Several factors can cause a feeling of anxiety, most notably stress at home and at school. Lifestyles that cause a lot of stress are generally going to take a toll on your mind and body – for teens with busy schedules with too much on their plate, academic pressures as well as social responsibilities may just turn out to be too much.
Anxiety disorders are different, with a variety of possible causes and several different triggers. While teens struggling with anxiety disorders have the same triggers as most other people – anything causing excessive stress can cause nervous thinking and worrying – there are specific individual triggers that may set off anxious thoughts, or even trigger an anxiety attack. Causes leading to the development of an anxiety disorder include:
of teens ages 13-18 experience anxiety
of adolescents never receive the right treatment
Americans with an untreated anxiety disorder attempted suicide in 2018
If your teen or friend is struggling with an anxiety disorder, pressuring them for answers or trying to toughen them up will only lead to disaster. Start by taking it slow and just asking them how they feel. Ask them if they’d like to go visit a therapist and get better. No one with anxiety thinks it’s fun, so helping your loved one get the teen anxiety treatment they need is a good first step. From there, speak to their therapist or doctor about what you should do next to make them feel more comfortable – or ask your teen directly. Just being there and caring for your teen can be enough, sometimes.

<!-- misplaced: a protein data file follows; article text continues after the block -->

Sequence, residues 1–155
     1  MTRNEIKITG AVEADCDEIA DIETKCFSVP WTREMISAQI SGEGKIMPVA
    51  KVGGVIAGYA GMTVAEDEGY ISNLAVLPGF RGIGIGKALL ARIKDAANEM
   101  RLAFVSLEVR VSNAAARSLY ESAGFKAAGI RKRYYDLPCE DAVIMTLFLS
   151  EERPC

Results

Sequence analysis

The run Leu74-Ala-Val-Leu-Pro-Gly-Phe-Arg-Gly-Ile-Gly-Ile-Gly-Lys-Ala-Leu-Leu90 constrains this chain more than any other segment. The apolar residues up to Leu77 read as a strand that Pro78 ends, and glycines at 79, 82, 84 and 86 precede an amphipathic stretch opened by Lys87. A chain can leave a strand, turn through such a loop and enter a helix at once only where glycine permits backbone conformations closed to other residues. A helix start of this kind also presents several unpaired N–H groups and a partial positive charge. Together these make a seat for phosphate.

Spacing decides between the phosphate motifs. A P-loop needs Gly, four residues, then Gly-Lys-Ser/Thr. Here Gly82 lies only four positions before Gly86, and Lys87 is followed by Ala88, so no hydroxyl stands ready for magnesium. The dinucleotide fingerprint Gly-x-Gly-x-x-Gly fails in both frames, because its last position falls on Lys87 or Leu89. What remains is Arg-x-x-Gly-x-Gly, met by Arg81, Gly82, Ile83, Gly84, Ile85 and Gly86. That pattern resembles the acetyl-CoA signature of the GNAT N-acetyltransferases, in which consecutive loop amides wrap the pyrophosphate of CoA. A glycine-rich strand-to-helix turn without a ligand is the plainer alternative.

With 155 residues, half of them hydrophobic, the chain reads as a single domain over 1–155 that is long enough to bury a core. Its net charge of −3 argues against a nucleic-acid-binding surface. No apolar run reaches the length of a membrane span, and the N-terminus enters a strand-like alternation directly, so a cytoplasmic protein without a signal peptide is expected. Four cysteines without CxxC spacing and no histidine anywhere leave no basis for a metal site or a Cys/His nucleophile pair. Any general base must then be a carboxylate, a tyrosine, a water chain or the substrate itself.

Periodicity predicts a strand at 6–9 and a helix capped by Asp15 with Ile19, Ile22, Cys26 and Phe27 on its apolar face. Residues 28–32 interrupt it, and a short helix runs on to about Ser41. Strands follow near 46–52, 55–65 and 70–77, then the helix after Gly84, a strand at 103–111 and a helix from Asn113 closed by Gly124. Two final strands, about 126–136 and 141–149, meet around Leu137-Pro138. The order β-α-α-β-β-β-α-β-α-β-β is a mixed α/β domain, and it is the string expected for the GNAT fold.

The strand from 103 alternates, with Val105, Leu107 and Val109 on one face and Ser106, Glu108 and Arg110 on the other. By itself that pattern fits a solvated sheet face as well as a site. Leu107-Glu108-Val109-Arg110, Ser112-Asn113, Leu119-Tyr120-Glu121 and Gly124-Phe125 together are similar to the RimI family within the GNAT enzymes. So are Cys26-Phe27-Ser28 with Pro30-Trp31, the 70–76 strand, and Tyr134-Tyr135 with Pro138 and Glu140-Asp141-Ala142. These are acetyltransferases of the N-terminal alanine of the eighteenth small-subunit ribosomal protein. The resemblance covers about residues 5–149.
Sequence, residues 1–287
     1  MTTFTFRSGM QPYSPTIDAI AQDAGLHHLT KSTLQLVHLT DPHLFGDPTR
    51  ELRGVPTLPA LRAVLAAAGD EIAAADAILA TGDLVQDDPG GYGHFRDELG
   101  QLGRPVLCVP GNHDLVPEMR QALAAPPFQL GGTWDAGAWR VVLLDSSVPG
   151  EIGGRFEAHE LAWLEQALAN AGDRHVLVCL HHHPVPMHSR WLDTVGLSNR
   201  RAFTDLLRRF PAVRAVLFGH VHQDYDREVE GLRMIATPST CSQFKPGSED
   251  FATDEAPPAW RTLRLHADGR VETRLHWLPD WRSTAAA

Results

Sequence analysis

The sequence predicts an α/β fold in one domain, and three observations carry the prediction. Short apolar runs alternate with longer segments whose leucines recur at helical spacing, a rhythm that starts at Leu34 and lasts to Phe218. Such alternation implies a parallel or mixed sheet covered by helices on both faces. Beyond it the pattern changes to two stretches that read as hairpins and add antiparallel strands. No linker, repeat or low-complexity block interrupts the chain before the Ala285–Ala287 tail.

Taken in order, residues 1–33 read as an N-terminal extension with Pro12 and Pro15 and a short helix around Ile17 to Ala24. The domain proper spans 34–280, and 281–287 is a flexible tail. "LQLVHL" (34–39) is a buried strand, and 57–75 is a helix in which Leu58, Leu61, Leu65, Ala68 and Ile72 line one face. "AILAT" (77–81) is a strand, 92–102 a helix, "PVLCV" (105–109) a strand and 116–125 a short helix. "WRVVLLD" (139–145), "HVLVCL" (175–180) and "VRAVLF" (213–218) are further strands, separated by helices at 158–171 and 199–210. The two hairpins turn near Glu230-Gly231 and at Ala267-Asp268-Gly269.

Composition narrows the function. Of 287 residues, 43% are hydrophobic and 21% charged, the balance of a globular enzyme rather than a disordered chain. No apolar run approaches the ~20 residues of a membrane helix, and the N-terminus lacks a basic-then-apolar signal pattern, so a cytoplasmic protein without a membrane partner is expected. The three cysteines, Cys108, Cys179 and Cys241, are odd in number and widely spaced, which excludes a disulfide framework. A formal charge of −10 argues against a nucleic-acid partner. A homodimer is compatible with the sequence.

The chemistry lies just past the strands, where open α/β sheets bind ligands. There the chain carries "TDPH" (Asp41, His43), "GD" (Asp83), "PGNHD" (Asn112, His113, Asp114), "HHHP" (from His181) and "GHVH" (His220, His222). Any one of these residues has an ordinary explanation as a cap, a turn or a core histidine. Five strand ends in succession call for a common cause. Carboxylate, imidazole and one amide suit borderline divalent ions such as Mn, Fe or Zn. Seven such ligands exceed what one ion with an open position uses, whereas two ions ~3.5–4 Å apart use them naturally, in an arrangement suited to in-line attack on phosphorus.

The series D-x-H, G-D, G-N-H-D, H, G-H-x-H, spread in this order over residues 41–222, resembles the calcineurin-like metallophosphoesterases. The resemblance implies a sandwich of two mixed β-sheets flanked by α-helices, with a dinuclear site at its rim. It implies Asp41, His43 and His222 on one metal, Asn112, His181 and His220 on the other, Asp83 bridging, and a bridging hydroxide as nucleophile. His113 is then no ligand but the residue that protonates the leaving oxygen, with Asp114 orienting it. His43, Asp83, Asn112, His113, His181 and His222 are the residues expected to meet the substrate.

There are several different types of teen anxiety treatment available. In severe cases, certain types of medication can greatly improve a teen’s anxiety symptoms. Most of the time, therapy and relaxation techniques can do much to reduce anxiety and help you live a normal life. Here are a few ways anxiety is treated.